However, I thought I’d show one or two pictures from the tale, a colour spread of a forest scene and it’s equivalent in black and white (the one I’ll use for the book) and a picture of the main character, a girl named Echo.

Night Scene in Colour

Night Scene Black and White

Girl in Leaves

 

 

 

 

 

 

 

 

 

 

While she slumbered, a dream came to Echo, a dream of tree spirits and creatures she had never seen, watching, waiting, spying and humming in the darkness around her. It was a dream too, of forgetfulness, her tree, her garden, her parents and her past seeped away into the darkness as she slept.

Trees, woods and forests are so important to me. I need to take frequent trips out to the woods and it has been particularly lovely walking out in the Autumn woods recently, just before the storms hit and the blustery weather made its debut. Here is a favourite tree at Markstakes Common where we walked recently. It’s a large, spreading oak that’s been climbed in and well loved over time. All the woodland and forest visits I’ve made around the world – from woods like this to rainforests in Costa Rica – are distilled into my little story making the forest in it a lush, fictious kingdom from anywhere and nowhere, a forest of my imagination.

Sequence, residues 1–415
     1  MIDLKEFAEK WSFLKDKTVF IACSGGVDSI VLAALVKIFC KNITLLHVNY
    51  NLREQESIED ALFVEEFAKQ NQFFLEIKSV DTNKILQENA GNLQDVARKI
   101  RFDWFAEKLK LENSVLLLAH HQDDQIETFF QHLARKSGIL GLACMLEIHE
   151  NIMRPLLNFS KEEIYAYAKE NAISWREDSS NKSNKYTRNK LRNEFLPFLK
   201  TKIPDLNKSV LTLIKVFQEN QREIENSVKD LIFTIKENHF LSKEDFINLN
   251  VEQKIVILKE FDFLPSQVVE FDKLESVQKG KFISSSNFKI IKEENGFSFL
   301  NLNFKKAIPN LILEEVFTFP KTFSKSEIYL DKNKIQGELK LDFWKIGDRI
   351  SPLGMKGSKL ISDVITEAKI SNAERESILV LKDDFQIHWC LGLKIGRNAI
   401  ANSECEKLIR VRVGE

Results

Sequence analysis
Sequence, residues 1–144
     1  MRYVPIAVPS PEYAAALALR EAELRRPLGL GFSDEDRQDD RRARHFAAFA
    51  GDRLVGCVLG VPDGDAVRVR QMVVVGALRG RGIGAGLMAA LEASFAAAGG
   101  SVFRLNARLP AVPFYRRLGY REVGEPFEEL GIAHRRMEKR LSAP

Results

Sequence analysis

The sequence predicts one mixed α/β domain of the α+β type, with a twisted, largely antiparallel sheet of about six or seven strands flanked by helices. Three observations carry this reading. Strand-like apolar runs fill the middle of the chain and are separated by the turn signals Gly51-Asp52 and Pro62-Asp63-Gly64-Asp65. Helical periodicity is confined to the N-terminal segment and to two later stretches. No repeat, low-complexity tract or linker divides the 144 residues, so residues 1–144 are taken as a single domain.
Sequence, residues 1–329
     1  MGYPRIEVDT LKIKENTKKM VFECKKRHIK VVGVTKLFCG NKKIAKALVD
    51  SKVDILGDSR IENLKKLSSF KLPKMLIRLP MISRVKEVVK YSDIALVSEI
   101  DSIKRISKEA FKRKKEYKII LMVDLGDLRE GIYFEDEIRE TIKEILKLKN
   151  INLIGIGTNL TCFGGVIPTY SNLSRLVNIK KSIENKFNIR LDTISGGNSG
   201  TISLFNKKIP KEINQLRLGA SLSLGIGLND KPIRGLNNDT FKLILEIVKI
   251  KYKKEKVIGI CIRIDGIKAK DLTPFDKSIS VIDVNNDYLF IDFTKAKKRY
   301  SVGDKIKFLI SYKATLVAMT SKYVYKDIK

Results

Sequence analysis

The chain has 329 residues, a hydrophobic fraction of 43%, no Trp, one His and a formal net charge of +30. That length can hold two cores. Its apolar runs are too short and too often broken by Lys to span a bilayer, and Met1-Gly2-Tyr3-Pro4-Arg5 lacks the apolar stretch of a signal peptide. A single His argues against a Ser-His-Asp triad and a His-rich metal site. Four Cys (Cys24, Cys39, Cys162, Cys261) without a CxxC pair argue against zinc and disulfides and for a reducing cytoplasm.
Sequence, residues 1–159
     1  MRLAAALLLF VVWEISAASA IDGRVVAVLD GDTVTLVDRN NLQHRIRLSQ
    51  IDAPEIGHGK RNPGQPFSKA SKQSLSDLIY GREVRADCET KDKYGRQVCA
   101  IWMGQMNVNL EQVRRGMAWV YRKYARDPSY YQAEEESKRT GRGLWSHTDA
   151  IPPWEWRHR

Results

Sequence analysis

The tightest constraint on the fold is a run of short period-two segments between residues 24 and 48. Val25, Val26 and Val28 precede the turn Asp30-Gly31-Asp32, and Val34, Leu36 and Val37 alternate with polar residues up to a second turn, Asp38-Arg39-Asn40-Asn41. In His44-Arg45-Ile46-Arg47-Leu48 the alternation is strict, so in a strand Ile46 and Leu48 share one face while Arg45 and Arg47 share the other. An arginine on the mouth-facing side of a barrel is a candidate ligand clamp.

Oak at Markstakes Common

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New Paintings and a Pop Up Shop

The Forest Rises detailThe Forest RisesGoddess of the VineWater MaidensHere’s an update on the painting front – and back into the world of blue.

In Brighton, there’s a new Pop Up Gallery next door to Retail Therapy where I sell cards and various other creations. Back in August I was invited to display some of my large paintings on reclaimed scaffolding board. I welcomed the invite and painted two new boards in acrylic, Goddess of the Vine and The Forest Rises.

I also gave a large, acrylic canvas called Water Maidens (Emerging in the gallery) which has undergone various incarnations and now features two “Water Spirits” inspired by the Russian legends of Rusalka. ( These are fish women who were said to live at the bottom of rivers and lakes and bring fertility to the land in Springtime. Some thought them to be the souls of young women who had died beside the waters. I’d like to explore these legends further…) Looking at the painting obliquely one can see the relief created by the scrim and oak leaves I added for texture.

To my surprise and pleasure, the first two paintings sold quite quickly and journeyed up to Derbyshire apparently. The gap they left needed to be filled, so I gave two more painted boards, my Moanna, River Goddess – she’s well acqainted with the River Cuckmere – and one called Mother Nature both of which had been happily guarding my living-room. (See the photo with both either side of a lamp in the gallery.)

Ten days later and Mother Nature acquired a new home. So back to painting I went and created another two goddess board paintings that are currently on sale in the gallery, Wings of a Dove and Butterfly Maiden.